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3 Things A Successful Advertising Jingle Must Have

The best advertising jingles work for a number of reasons. But it’s not just luck - there’s a great deal of science that goes hand in hand with the art of creating a great jingle.

Research shows that our brains are hardwired to respond to music, and that’s why a jingle can be so effective when a brand or business uses one in their ad campaigns. In fact, one 2012 study from The Vienna University of Economics & Business found that 74% of respondents said that ‘a jingle helped them to remember the name of a certain product or brand.’

The best jingles rely on three things.

  1. Simplicity
  2. Rhyme
  3. Repetition


‘The simple things in life are often the best.’ It might be a cheesy marketing line from the early 90s, however there’s also real truth to this. An advertising jingle with a simple melodic hook and uncomplicated lyrics will always stand out and be recalled long after it’s been heard. Lyrics that are simple and easy to remember will always work better than those that are complicated and ‘wordy’. In the same way, a simple melody or ‘hook’ with a few notes is much easier to remember than a complicated one.

Think of some of the biggest songs of all time according to Rolling Stone magazine...

  • The Rolling Stones ‘Brown Sugar’...
  • Joan Jett & The Blackhearts ‘I Love Rock ‘N Roll’
  • Kelly Clarkson ‘Since U Been Gone’

All have easily recalled, simple, very singable melodic hooks that, once you hear them, you’ll struggle to get out of your head!

A jingle is usually much shorter than song, often running for between 10 to 30 seconds. Brevity is the friend of a jingle writer because there is only a very short amount of time in which to develop lyrics and a melody. Including complex lyrics like phone numbers of lots of detail will not help the jingle to be catchy or memorable, because simplicity is key.


Rhyme is a very important component of an advertising jingle, and indeed any song. Rhyming words are also easily recalled and seem to roll off the tongue easily.

For example:

  • Good onya Mum, Tip Top’s the one
  • We’re happy little Vegemites as bright as bright can be… we always eat our Vegemite for breakfast lunch and tea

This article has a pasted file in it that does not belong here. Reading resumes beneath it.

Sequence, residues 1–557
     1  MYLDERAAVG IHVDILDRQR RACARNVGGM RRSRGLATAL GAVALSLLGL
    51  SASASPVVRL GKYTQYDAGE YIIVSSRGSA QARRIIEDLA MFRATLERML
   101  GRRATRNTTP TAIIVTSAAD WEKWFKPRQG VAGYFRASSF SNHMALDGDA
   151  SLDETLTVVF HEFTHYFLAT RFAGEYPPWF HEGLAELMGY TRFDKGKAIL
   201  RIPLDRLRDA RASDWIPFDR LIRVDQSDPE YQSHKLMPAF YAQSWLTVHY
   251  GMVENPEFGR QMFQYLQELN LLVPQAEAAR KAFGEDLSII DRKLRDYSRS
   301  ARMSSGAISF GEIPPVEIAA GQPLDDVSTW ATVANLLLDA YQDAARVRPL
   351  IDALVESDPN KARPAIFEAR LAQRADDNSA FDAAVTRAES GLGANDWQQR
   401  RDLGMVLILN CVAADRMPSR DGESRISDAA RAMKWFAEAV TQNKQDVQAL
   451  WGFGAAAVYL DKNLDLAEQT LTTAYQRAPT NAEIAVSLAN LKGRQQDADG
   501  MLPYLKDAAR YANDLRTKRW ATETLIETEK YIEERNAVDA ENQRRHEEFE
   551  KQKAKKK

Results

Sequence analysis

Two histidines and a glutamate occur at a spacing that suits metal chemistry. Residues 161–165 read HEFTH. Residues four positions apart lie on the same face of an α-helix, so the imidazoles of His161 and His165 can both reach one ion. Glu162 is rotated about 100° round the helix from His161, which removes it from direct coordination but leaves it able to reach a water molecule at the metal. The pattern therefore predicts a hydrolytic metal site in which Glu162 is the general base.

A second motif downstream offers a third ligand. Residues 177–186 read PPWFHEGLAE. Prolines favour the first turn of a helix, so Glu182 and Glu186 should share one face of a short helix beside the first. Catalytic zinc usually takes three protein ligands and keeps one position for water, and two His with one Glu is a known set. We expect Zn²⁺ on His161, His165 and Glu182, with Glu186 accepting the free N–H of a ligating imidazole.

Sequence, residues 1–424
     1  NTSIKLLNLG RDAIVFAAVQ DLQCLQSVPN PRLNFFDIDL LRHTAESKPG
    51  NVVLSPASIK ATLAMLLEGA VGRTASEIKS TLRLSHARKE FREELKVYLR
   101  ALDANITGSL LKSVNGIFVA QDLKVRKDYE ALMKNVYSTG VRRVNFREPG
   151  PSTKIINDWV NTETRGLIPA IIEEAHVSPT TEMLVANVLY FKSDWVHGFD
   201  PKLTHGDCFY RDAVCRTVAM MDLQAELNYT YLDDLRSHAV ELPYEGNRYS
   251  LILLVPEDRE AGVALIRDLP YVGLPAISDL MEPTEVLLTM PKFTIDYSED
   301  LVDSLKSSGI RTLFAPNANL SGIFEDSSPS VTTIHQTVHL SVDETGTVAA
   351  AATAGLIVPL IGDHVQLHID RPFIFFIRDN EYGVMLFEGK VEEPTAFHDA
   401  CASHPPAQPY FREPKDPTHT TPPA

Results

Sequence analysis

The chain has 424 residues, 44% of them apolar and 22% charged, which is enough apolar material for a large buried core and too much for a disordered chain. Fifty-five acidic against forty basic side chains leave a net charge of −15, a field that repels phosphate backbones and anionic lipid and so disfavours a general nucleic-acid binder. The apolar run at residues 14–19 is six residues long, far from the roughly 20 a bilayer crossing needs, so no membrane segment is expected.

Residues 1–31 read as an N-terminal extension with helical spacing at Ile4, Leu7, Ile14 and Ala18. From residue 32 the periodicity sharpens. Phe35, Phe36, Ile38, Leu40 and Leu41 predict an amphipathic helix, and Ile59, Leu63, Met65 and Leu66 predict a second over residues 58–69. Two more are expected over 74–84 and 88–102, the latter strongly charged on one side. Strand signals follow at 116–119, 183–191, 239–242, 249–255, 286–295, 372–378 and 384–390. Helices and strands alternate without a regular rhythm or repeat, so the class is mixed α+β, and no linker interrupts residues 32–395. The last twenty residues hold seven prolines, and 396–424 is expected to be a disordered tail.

• You’ll be smiley, when you call Kiely
  • A little bit of this, a little bit of that… a whole lot of everything, tell me where you’re at
  • Red red wine, white white wine, sparkling wine too…. Wine2home dot com dot au
  • This land and me, we’ve got our history

As predictable as it might sound, words that sound like they fit together will stick together. (See what we did there?)


Say it once. Say it again. Say something else if you have time, and repeat what you said originally. Repetition is the name of the game in a catchy advertising jingle, as you want the name of the business or product to be front and centre in the mind of the consumer.

With a 30 second advertising jingle, and particularly one that’s retail focussed, it’s often important to try to include the name of the business or tagline as early as possible, and ensure it’s also the last thing that’s heard. A good jingle writer will try to hit these ‘first and last’ points without making the jingle sound dated or annoyingly bad. (There’s a difference between annoyingly bad and annoyingly catchy!)

Equal parts art and science. Composing a jingle is just that - a mix of the art of writing music & lyrics to achieve a ‘feel’, and a mix of science - with simplicity, rhyme and repetition all working together. A professional jingle composer will delicately balance the two, and create a jingle that is memorable, catchy, and sticks in the minds of your audience.

Abe Udy

Abe is the founder of Abe's Audio and started the business in 1998 from his bedroom with an old computer, fax machine, dial-up internet, and a microphone in his wardrobe. Today, he leads a team that provides audio production and voice overs to media, agency, eLearning, video & creative clients around Australia and beyond.

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